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Arbus snapped more than 300 photos that weekend, dressed in black and moving so unobtrusively around the house that the Matthaeis often forgot she was there.
"The only recollection I have of her is that I mistakenly thought she was Joan Baez," says Marcella, who lives in Florida now and describes herself as a part-time writer and part-time construction worker. "She was slender and pretty and my father had a Joan Baez album. I thought it was her."
The Matthaeis weren't anticipating Norman Rockwell results, of course, and that's not what they got. Arbus printed 50 of the photos, among them a striking portrait of Marcella, wearing a frilly sundress, her shoulders pulled back, her long bangs nearly shrouding the cryptically intense look in her eyes. It has the immediacy of a mug shot and you can't help but wonder what was going on in her mind at that moment. Is she fighting back tears? Deeply depressed?
Neither. "I was on my way to a party," she says. "I was interested in playing spin the bottle, and being put in a sundress with knee socks and sitting around with a stranger taking pictures of me was the last thing on my mind. What you see on my face is, 'Get this over and done with. My mom and dad told me to do this.' " At least Marcella knew she was being photographed. Other Arbus subjects had no idea. Like the infant in "A very young baby, N.Y.C. 1968," which ran in Harper's Bazaar and is now one of the images stopping the crowd at the Met. The baby's eyes are closed, lips a little drooly. One critic likened it to a death mask.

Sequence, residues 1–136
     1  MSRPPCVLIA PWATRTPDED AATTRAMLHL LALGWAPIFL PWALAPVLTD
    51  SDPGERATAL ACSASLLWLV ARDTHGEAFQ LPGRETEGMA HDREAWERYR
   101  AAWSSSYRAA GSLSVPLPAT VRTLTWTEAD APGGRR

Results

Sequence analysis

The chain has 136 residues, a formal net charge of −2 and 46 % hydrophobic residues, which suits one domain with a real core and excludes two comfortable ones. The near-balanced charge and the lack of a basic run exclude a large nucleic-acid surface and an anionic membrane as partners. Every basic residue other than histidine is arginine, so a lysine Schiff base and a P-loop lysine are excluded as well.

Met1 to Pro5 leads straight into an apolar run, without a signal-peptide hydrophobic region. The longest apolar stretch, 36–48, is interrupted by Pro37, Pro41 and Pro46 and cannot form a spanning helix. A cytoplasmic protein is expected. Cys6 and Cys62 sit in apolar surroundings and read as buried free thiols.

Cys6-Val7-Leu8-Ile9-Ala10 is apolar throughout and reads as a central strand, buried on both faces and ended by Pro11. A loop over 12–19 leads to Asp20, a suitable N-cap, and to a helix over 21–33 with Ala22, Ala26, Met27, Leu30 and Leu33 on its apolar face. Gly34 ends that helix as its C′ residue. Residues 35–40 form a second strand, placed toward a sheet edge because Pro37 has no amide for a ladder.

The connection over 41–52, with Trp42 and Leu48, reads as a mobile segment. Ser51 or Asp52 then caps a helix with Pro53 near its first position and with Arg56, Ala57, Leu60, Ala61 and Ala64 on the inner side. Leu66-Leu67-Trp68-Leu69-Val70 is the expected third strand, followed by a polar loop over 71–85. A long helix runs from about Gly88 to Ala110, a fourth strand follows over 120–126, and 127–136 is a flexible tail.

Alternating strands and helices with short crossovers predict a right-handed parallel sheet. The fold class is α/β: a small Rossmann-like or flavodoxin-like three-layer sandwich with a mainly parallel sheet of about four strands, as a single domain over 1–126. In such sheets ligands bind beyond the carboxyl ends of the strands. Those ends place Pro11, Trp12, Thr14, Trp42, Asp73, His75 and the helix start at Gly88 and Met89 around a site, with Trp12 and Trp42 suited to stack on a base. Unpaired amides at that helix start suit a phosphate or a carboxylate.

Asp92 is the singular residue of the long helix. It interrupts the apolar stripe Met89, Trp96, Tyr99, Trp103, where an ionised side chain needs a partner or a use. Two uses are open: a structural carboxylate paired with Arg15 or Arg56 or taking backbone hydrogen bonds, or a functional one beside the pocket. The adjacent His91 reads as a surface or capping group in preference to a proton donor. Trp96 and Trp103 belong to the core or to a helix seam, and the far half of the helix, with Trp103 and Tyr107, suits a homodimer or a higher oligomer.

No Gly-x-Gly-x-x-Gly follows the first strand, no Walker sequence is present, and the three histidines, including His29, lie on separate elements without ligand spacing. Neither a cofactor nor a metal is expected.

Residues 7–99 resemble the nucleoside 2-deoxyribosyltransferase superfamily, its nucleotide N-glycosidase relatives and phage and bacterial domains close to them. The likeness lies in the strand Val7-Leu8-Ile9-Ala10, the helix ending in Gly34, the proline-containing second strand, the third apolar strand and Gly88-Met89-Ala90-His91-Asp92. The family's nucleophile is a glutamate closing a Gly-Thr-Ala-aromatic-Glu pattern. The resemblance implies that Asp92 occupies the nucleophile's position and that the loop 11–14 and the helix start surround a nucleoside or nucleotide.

The weirdest part, it turns out, isn't what the infant looks like. It's who it is. It's Anderson Cooper. Yes, CNN anchorman Anderson Cooper.
"I have it in my bedroom," Cooper says by phone. "I think it's great."
The back story here is that Cooper's mom is Gloria Vanderbilt, the socialite turned denim jeans spokeswoman turned memoirist. She was married at the time to author Wyatt Emory Cooper, and she was friends with Arbus, who in 1968 was looking for babies to photograph for a series she was assembling. When Arbus sent the images to Harper's Bazaar, an editor called Vanderbilt with a question: Are you sure it's okay to put your son's name on this photo?
"They were worried that my mother might find the picture a little disturbing," says Cooper. "My mother was stunned." Publish his name, she told the magazine.
"I heard that Elton John sold me" -- by this he means a copy of "A very young baby" -- "at auction recently, and I was a little offended by that, frankly," Cooper says, laughing. He realizes why some might find the image unsettling, but he's amused by it and kind of thrilled to be in a museum.
His one request: "Just make it really clear to people that I'm not the kid with the grenade."
He's not the kid with the grenade. That would be Colin Wood, who is now 50 years old and an insurance agent living in Glendale, Calif. Wood has no memory of running into Arbus, which he did in Central Park one afternoon when he was 7. But he remembers that H.M.S. Pinafore outfit, and he recalls the type of toy grenade he is clutching so spasmodically in that picture. As fake weapons go, he recalls they were pretty annoying because they'd pop almost as soon as you threw them. "You couldn't throw it somewhere and duck," he says. "It blew up about a foot away."
Look at the other shots of Wood in that roll, which are included in the book version of "Revelations," and he comes across as a fairly typical kid, mugging for the camera. His guess is that he was out with his nanny when Arbus spotted him and after a few shots, he'd had enough. Or perhaps Arbus goaded him to give her something more.